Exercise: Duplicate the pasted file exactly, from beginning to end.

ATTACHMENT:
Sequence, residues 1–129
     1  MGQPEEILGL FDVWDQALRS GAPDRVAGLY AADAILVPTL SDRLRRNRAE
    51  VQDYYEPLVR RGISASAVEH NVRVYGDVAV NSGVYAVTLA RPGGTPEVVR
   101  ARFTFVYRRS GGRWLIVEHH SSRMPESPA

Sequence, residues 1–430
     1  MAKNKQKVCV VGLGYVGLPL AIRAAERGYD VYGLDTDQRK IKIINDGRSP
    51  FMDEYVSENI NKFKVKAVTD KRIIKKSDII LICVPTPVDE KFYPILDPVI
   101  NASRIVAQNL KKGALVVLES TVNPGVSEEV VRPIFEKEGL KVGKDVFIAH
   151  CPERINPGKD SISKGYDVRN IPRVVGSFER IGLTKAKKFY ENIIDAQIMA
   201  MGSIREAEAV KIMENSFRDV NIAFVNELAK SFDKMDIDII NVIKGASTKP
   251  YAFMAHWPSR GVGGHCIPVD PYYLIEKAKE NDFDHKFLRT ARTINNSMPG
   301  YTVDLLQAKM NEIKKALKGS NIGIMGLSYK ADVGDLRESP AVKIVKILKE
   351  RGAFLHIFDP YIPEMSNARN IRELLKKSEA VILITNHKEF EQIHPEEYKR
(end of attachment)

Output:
Sequence, residues 1–129
     1  MGQPEEILGL FDVWDQALRS GAPDRVAGLY AADAILVPTL SDRLRRNRAE
    51  VQDYYEPLVR RGISASAVEH NVRVYGDVAV NSGVYAVTLA RPGGTPEVVR
   101  ARFTFVYRRS GGRWLIVEHH SSRMPESPA

Sequence, residues 1–430
     1  MAKNKQKVCV VGLGYVGLPL AIRAAERGYD VYGLDTDQRK IKIINDGRSP
    51  FMDEYVSENI NKFKVKAVTD KRIIKKSDII LICVPTPVDE KFYPILDPVI
   101  NASRIVAQNL KKGALVVLES TVNPGVSEEV VRPIFEKEGL KVGKDVFIAH
   151  CPERINPGKD SISKGYDVRN IPRVVGSFER IGLTKAKKFY ENIIDAQIMA
   201  MGSIREAEAV KIMENSFRDV NIAFVNELAK SFDKMDIDII NVIKGASTKP
   251  YAFMAHWPSR GVGGHCIPVD PYYLIEKAKE NDFDHKFLRT ARTINNSMPG
   301  YTVDLLQAKM NEIKKALKGS NIGIMGLSYK ADVGDLRESP AVKIVKILKE
   351  RGAFLHIFDP YIPEMSNARN IRELLKKSEA VILITNHKEF EQIHPEEYKR